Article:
Owyhee River in Malheur County, Ore.  Bureau of Land Management, Oregon and Washingtonby Amanda Peacher OPB
April 4, 2016 3:10 p.m. | Updated: April 4, 2016 6:15 p.m.
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Counties across Oregon are turning toward a little-known federal policy as a means to have more say in how federal lands in their backyards are managed.

These counties are using “coordination,” an obscure provision in two federal environmental policy laws that require agencies to coordinate with local governments in land use planning.

Baker County Chair Bill Harvey describes coordination as putting local and federal governments on “equal footing.”

“When you come to a planning table, you both have the same authority level,” Harvey said, noting that the eventual plan should align county and federal priorities. “You come up with a plan, and the plan is supposed to be consistent between the two ideas.”

Harvey spearheaded an effort to revise Baker County’s existing natural resource plan and invoke the process of coordination last fall. The revised plan emphasizes logging, grazing and mining as resource priorities. Baker, like many eastern Oregon counties, is made up of more than 50 percent federal lands.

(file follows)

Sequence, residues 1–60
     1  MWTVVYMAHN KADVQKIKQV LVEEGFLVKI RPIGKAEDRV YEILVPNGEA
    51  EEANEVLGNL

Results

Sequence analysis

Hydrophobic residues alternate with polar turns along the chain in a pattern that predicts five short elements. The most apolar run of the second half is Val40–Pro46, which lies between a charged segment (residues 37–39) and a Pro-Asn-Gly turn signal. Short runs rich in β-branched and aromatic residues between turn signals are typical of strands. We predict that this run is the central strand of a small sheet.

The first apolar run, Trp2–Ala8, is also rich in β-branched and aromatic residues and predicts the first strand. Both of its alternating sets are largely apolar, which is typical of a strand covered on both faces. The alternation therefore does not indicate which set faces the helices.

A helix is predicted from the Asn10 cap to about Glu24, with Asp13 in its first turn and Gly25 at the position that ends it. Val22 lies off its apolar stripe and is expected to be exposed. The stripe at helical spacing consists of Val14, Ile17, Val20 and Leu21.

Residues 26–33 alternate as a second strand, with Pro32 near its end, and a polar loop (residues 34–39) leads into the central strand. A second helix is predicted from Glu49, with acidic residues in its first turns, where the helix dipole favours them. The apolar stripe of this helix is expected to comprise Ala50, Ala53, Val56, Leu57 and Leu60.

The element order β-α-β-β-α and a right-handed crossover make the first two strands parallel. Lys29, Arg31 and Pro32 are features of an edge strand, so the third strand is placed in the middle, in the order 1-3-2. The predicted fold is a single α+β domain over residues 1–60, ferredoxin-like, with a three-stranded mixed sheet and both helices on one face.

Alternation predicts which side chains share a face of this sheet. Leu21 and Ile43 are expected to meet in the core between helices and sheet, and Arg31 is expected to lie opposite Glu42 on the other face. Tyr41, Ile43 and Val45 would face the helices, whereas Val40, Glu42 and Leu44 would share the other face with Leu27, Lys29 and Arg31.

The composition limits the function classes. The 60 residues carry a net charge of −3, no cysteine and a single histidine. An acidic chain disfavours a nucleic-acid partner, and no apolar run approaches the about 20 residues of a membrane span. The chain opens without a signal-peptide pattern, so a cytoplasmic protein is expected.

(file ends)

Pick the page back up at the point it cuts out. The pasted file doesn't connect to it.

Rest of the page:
Now some citizen groups are turning toward coordination to establish what they see as a local right to govern federal lands. At times, their message echoes the sentiments of the armed occupiers of the Malheur National Wildlife Refuge, who expressed frustration with federal government overreach and wanted to see local control of federal lands.

Some are fed up with forest fire management, and want to see increased timber harvest. Others are frustrated with the way federal agencies manage wild horses, or potential road closures on public lands.

Coordination As A Tool To Give Counties Voice

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